You would like to see the players cap off their season with a strong performance for their International side especially after such a strong start to the group. Austria were there for the taking even missing defender Andreas Ulmer who decided to get married instead of helping his nation to a possible victory. That was the kind of thing Ireland should have jumped upon and ensured a strong narrative in the group moving towards the latter stages of qualifying.
An old Roy Keane quote came to mind after the Republic’s controversial loss to France in the 2010 World Cup playoff. “France were there for the taking and Ireland didn’t do it. Same old story,” said Keane, then manager of Ipswich Town.
“I’d focus on why they didn’t clear it. I’d be more annoyed with my defenders and my goalkeeper than Thierry Henry. How can you let the ball bounce in your six-yard box? How can you let Thierry Henry get goal-side of you? If the ball goes into the six-yard box, where the hell is my goalkeeper?”
One wonders if this will be ringing in Keane’s mind watching back on the Austrian goal. A strike from Martin Hinteregger after a ball from a David Alaba corner.
In his post-match comments, O’Neill made light to the fact that the corner was a result of a move that started from an Austrian handball, Dragović the culprit. While almost everyone in the Aviva would agree that it was a handball by the defender. Surely, the Irish should have cleared the ball or have done a better job at marking during an attacking set piece? I am sure the management will, of course, look at this behind closed doors and will analyse the goal in the aftermath of the game but it is a tad egregious to blame the refereeing for the goal, despite the referee having a poor game.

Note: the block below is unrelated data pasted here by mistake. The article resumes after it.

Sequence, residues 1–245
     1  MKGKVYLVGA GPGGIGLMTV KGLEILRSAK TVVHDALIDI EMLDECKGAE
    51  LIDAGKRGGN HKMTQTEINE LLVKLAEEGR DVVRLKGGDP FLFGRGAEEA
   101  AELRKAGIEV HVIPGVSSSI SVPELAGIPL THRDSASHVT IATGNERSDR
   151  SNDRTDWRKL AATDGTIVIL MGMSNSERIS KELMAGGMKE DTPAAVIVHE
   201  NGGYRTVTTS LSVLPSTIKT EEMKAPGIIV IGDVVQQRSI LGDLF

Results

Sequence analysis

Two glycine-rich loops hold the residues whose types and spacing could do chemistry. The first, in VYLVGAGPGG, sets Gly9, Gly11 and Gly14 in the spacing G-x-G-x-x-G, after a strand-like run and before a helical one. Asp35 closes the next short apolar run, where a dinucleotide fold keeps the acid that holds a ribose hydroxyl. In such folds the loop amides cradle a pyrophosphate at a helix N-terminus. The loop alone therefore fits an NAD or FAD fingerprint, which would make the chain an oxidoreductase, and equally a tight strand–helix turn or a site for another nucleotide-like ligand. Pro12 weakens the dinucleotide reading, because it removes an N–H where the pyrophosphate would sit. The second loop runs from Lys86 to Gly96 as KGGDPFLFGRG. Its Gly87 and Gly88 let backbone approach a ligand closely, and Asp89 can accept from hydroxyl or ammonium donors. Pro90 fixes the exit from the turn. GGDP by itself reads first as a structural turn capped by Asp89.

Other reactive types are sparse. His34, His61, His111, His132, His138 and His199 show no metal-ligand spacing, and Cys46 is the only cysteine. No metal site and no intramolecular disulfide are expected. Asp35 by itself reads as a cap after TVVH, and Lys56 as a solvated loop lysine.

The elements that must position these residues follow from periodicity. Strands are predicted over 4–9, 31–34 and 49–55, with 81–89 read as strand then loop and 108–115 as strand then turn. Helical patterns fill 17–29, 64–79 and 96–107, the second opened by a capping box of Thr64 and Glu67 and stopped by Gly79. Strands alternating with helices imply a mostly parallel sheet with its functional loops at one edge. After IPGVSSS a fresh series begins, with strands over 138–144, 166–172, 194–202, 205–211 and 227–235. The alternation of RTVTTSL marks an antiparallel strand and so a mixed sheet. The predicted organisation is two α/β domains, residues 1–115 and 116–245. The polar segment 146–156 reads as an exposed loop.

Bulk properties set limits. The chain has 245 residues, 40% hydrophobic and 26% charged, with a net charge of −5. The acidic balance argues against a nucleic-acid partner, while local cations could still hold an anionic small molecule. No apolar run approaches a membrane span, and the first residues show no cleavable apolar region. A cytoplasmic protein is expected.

I am sure the management will, of course, look at this behind closed doors and will analyse the goal in the aftermath of the game but it is a tad egregious to blame the refereeing for the goal, despite the referee having a poor game.
However, there were some standout players in the match for the home side. Both Jonathan Walters and James McClean paced around the pitch looking for the right pass or attempting to get into some space to create a movement. The Stoke City man, in particular, was allowed little opportunity to create much for most of the game, being marked tightly by Bayer Leverkusen’s Aleksandar Dragović. McClean also had a moment to equalise the game with ten minutes remaining but hit the ball first time and striking it high and wide.
Kevin Long also had a fine first start in central defence and he will be hoping to cause a selection headache for his manager when selecting the sides for the next set of games in September. O’Neill was impressed with the former Cork City player’s handling of the pressure of being selected for such an important fixture.
A little bit of encouragement and belief that this squad can qualify for its first World Cup in 16 years will no doubt help but as the manager suggested in his pre-match notes there a long road ahead with points to be won and lost by all the sides in this group. Hopefully, for Ireland’s sake and those who follow the Boys in Green, there is more won than lost.
Conor McManus, Pundit Arena